Kevin Beck

When you think about it, the BYOD (bring your own device) trend hasn’t so much been welcomed by organizations as much as it has been imposed on them. As employees become attached to their personal mobile devices, they have brought them into the workplace and used them for work-related and personal tasks. Rather than resist the trend, ZDNet estimates that 61 percent of businesses have sought to accommodate it. Businesses believe BYOD boosts morale while encouraging productivity and creativity. But while the approach may be good for employees, it’s often a nightmare for IT departments that have to figure out how to secure and manage an array of devices, some of which may be unfamiliar and untested. At Lenovo, we think there is a better way – CYOD (choose your own device). This displaces BYOD by placing control back in the hands of the IT organization and restores order to device management. With CYOD, IT organizations have the opportunity to review, test and certify those devices that meet a company’s requirements, such as interoperability with business applications. Once a company approves mobile devices and computers for use, employees can have them. We are confident that CYOD is the way of the future. As my colleague Chris Frey, Lenovo's vice president of North America commercial channels and SMB,

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When I ask people what they look for in a laptop, they usually list portability, screen size, processor speed, memory. But one thing I rarely hear is that the laptop should not overheat. Now I know you’re thinking - that’s not really a surprise. The cooling tech isn’t exactly a visible feature. That’s a shame because without good cooling and venting a laptop is probably not as well put together on the inside as it is on the outside. You can have the latest laptop, but if it overheats it simply isn’t going run well or last long enough. Today’s laptops allow you to work almost anywhere. They’re always on and are great for productivity and for personal entertainment, but have you thought about what might be happening to it on the inside? Smaller and thinner means there’s less room for air to circulate inside the laptop. If you put it down on the couch or some other soft surface, there’s a decent chance the vents will be obstructed and it will overheat. The perils of overheating Overheating can cause serious problems. It can damage many of the key internal components, including the processor, battery, and hard drive. In fact, running at high temperatures for long periods of time can lead to drive failure and even permanent data loss. Hard drive failure rates increase between 20% and 30% for every 10 degrees above recommended operating temperatures, while operating a drive below the recommended...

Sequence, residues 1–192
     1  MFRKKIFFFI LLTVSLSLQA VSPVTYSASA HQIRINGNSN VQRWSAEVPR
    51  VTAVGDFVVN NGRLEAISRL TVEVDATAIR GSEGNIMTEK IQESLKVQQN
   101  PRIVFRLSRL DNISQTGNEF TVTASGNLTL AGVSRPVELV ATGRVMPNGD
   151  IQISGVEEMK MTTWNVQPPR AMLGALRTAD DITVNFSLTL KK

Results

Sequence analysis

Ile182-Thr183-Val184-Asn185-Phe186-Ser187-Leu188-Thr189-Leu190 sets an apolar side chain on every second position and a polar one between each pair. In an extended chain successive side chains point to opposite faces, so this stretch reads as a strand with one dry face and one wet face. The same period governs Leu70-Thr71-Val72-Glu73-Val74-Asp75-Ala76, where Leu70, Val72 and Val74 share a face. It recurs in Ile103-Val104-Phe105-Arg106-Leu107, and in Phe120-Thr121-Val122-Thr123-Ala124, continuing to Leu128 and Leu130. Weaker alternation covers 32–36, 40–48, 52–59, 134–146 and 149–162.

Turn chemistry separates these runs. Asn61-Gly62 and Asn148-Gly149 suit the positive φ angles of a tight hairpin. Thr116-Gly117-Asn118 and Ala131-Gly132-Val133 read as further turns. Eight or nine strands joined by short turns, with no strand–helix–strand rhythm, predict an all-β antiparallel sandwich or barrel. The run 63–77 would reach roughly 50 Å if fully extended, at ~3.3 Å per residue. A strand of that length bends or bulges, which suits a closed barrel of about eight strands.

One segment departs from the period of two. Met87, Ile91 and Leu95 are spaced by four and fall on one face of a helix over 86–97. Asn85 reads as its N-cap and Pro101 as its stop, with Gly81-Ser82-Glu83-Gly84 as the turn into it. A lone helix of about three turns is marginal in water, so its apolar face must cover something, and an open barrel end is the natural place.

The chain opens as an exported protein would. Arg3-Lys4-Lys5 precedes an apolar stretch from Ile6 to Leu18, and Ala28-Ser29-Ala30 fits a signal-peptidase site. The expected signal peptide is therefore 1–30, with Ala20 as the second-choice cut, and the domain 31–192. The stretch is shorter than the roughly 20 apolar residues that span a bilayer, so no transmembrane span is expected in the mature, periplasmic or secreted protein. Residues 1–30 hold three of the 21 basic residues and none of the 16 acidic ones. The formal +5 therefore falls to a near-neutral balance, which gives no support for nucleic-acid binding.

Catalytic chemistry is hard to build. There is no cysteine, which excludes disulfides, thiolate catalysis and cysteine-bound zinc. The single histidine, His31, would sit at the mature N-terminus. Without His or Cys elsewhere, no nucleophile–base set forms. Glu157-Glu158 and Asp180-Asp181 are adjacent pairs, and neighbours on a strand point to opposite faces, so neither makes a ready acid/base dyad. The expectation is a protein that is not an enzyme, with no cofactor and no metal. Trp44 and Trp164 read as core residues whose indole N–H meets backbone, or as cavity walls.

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CES 2012 Lenovo Lounge

CES 2012 Lenovo Lounge